FDR told a friend if he succeeded he would be “remembered as America’s greatest President. And if I fail I will be remembered as the last one.”It is hard to predict the future, and how various twists and turns would have affected the past is conjecture, but it most certainly appears we and the new President are in the same situation as were at the Inauguration in 1933.It certainly seems reasonable that we don’t have the cushion to absorb the mistakes in the next administration that have been made in the last eight years.Bush is correct that we as citizens helped it into the trouble we are in with spending and non-saving habits, along with doing our jobs building houses, working as carpenters, plumbers, in manufacturing, trading options, futures, assembling more automobiles than we can afford, allowing executives to get away with being so overpaid it gives the appearance of embezzlement, and for taxpayers to suffer consequences within the last couple of months because the Washington crew – senators, representatives, the President and Secretary of Treasury so carelessly and recklessly disbursed money in the Recovery Act without sufficient regulation and oversight.Many of the hardworking citizens who contributed to this were just doing their job of selling real estate, trading deritivates and manipulating markets teased to tremendous success for the best skilled with extraordinary pay, and bankers who took in deposits and lent out the money only to have our financial system almost completely fall apart. To some extent, isn’t that what they were hired to do? Can you imagine being a builder and not building, or a banker and not lending? Or saving and sacrificing to some extent to maximize the future in a 401K plan only to be let down with a 50% decline in less than a year?Perhaps it isn’t all George Bush’s fault, but we as a society were, for the most part, at least many of us, all doing the jobs we were hired to perform, some if not most of us faithfully and honestly, paying our taxes and educating our children and providing for the unfortunate, volunteering in our community and society, and we have every damned right to feel the way we do right now.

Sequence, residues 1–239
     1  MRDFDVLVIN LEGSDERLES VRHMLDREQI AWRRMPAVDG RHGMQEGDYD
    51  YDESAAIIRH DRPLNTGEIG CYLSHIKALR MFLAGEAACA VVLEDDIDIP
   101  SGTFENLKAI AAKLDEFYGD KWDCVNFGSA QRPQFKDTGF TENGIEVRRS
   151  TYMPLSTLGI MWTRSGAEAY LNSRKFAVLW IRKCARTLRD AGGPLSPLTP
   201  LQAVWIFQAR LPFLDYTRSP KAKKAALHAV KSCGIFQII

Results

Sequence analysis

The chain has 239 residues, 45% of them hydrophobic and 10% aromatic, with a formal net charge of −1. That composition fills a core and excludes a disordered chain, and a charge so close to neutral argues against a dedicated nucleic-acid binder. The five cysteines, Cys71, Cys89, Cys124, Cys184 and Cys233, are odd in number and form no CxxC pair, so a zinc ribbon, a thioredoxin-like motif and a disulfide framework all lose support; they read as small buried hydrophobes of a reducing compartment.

20. mike_b1

    Bush is basically Rod Blagojevich on a much bigger scale. Anyone who thinks Bush put his own interests and ego aside in order to protect Americans is sadly mistaken. As Woodward and others have documented over the years, Bush in fact believes he is chosen by God to do this work. He believes himself infallible, and that in time the world will recognize his vision.He is, in short, a psychopath. We will all be lucky never to hear from him again.

  21. NewsHound

    George Bush will be a part of American history for a long time or as FDR might say, until time immemorial. His Presidency and Administration will be studied and restudied over and over again.He isn’t the first president, and fearfully not the last, who has demonstrated strange behavior patterns. Many seem to have personality disorders that grow into dysfunctional emotional self-importance and overload resembling that of a nervous breakdown concealed from the public with a huge protective staff. Most try to make the Executive Branch more powerful when maybe we should be thinking in the inverse. A weaker presidency perhaps – – – someone to attend funerals, give talks and calmly read books to little school children.The position seems to be a chaotic, growing nightmare where the person who holds the office has departed from the mainstream of life and becomes horribly isolated from reality living under the extraordinary comfort, plushness and security provided by hard working taxpayers. At least it seems that way looking currently at the current president.Maybe we need someone like Harry Truman again to bring this back to planet Earth. This certainly is Mr. Obama’s time to make many, many welcome changes. It is a time to try to be optimistic and we as a nation and society should be most appreciative if he really does outdistance himself from so many prior Administrations.All of our well compensated politicians have let us down either by oversight, incompetence, reckless disregard, or by accident. We should not be in this big of a mess.

  22. O'Rion

    Can we just dismiss the talk–we’ll hear it this morning– that you have to wait 50 years to determine just how awful he truly was? He sucks, he always will suck, and anyone who says he doesn’t, is delusional or lying.